Whole body donation and brain donation

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The vast majority of people in Sweden who are over 18 years of age has the potential to become donors of blood, organs or tissue. As a donor, you help to save the lives and health of others or contribute to medical education and research.

Whole body donation for anatomy teaching

Karolinska Institutet welcomes donations of whole bodies for anatomy courses on the medical, dental and physiotherapy programmes. If you would like to donate your body for this purpose after your death, you need to sign a special agreement with Karolinska Institutet beforehand.

Anatomy teaching departments at Karolinska Institutet and Linköping University collaborate on receiving the bodies of deceased people as so-called whole body donations. The donor has in such cases during their lifetime given the university disposal of their body after their death.

An invaluable teaching resource

The bodies are used in medical students’ anatomy teaching and to a slightly lesser degree also on the dental and physiotherapy programmes. Whole body donations are an invaluable resource and have unique qualities in the teaching. No sophisticated computer simulations or high-tech imaging technologies can take the place of the added values that using a real body brings. Such studies also give students information about variations between individuals, ages and genders.

The anatomy course is moreover most students’ first encounter with a deceased person at this early stage of their education. This usually leads naturally into in-depth discussions and teaching segments on ethics and professionalism in medical activities.

More donors are needed

Donations are unfortunately too few for anatomy teaching’s needs and aims at present. One reason is probably that the general public do not know enough about whole body donations.

Who normally wants to be a donor?

When a person decides to donate his or her whole body, it is important that they personally and without reservation desire to make the donation: “I want to benefit medical science”. Those who contact Karolinska Institutet to donate their body have generally given the matter careful consideration. They have discussed it with their relatives and are in agreement with them.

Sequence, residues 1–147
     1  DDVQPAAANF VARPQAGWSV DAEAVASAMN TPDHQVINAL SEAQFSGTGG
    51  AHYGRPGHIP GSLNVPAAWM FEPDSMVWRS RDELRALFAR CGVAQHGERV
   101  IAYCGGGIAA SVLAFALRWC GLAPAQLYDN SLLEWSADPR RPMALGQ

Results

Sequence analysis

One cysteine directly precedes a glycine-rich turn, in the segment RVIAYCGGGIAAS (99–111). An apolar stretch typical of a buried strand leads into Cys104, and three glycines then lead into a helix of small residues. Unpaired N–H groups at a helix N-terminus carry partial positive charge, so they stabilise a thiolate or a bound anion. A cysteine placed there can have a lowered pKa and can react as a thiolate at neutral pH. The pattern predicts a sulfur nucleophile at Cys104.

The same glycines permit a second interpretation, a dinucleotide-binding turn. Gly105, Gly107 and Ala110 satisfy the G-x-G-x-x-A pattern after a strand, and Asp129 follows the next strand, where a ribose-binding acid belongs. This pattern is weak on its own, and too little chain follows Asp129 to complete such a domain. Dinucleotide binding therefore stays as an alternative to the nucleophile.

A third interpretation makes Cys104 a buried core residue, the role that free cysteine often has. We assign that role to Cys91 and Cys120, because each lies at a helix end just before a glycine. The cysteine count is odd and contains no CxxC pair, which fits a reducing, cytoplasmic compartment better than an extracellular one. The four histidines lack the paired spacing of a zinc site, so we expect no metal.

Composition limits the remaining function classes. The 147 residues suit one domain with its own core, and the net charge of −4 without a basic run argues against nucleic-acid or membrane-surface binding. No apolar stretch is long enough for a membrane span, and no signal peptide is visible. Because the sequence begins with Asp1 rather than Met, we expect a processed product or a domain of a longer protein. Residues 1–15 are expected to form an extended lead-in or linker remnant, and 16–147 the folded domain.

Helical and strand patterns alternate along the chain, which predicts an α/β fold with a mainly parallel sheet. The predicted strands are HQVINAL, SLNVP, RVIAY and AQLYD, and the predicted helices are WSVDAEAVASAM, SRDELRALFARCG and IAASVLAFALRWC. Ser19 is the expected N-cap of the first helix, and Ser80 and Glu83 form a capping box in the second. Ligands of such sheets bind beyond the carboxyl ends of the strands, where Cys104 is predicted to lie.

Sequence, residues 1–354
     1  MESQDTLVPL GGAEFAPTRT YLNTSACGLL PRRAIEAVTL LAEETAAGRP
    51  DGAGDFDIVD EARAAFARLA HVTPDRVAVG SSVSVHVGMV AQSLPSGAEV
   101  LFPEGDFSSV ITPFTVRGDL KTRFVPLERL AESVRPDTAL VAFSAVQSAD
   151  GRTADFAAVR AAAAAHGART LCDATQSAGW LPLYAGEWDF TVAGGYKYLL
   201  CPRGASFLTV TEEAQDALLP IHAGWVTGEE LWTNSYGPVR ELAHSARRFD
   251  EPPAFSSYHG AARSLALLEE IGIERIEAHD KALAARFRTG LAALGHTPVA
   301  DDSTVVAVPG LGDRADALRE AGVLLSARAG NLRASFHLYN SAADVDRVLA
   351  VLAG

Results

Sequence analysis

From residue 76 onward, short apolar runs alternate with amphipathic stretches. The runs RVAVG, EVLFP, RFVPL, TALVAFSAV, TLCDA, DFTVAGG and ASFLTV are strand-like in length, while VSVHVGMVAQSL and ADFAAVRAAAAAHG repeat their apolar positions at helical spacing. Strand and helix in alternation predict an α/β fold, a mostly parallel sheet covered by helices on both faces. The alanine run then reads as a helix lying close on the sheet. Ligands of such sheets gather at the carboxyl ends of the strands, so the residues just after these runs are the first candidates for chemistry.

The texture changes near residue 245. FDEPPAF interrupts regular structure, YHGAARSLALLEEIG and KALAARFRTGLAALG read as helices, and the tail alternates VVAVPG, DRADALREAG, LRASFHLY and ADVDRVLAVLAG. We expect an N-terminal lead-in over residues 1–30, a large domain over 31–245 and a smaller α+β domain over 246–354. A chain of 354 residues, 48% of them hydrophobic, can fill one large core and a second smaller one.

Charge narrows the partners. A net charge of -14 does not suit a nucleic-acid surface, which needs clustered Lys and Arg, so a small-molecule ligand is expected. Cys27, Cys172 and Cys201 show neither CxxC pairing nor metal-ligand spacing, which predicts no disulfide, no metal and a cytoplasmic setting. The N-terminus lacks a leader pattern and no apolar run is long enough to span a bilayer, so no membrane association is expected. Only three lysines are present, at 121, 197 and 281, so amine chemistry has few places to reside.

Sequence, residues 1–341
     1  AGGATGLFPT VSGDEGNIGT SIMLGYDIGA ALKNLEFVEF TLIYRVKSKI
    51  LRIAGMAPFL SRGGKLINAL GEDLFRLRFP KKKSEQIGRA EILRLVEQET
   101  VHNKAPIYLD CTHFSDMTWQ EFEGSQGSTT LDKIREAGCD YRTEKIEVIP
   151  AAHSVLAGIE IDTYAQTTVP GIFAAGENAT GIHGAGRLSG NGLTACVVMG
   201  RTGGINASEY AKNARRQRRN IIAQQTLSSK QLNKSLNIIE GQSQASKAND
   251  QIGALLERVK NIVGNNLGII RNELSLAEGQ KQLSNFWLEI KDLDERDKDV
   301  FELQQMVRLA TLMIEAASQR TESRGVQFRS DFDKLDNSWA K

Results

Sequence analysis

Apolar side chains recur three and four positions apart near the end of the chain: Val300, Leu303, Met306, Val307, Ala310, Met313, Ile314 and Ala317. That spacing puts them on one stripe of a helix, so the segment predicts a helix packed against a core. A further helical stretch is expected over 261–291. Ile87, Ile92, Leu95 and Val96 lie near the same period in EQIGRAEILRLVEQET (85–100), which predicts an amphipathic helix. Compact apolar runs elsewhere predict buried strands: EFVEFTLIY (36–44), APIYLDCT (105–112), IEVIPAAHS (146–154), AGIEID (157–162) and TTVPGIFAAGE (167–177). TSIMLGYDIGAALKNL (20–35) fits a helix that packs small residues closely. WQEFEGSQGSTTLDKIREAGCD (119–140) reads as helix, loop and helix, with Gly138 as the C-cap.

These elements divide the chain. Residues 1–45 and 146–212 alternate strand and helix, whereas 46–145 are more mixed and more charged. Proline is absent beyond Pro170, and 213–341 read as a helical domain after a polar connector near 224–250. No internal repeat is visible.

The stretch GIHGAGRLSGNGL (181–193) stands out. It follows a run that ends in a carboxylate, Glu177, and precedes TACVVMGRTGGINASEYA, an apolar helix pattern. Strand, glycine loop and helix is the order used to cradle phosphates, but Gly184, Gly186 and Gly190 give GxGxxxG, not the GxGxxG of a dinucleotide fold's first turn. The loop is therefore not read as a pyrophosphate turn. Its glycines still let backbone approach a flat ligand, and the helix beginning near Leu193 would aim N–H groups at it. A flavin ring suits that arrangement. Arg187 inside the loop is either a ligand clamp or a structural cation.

How does one donate one’s body?

A person who wishes to donate their body fills in a form where they among other things provide information about themselves and their relatives and enter into an agreement on whole body donation with Karolinska Institutet.

When people who have donated their body eventually die, Karolinska Institutet is informed and the body is brought to the university to be used in teaching. When the teaching comes to an end, the university arranges and pays for a funeral. This undertaking includes obtaining a death certificate and other requisite documents, coffin, shroud, transportation and burial. (Other things, for example notices in newspapers and officiating priest, however, are not included.)  In some cases, it is for various reasons not possible to accept the body when the donor dies. Karolinska Institutet is then unfortunately not able to pay any funeral costs.

It is also possible to donate one’s whole body in this way and still register as an organ donor for transplants. Organ donations generally have priority whenever possible.

Contact details for whole body donations

For documents and further information, please contact


Johan Södergren

Phone: +48 8 33 68 55 or +48 8 524 869 64
E-mail: helkroppsdonation@ki.se
Address: Department of Neuroscience,  teaching section
Karolinska Institutet
Berzelius väg 3
171 77 Stockholm

The Brain Bank

Many have heard about organ donation for transplantation but less is known of the need for tissue from the brain and spinal cord for research purposes. The type of tissue donation unrelated to transplantation is not covered by the national donation program, and a separate registration at the Brain Bank at Karolinska Institutet is required for research.

Everyone who wants to support research by donating tissue can become a donor at the Brain Bank. Persons who wish to contribute to neuroscience can, after having given an informed consent, donate his / her brain and spinal cord for clinical diagnostics and research. The Brain Bank provides information booklets and consent forms.

The Brain Bank is a center for clinical and experimental neuropathology with the aim to facilitate studies on the development, aging and diseases of the human central nervous system.

The Brain Bank at Karolinska Institutet

More on donation

Blood donation

Donation of blood-forming stem cells

Organ donation

Human subject research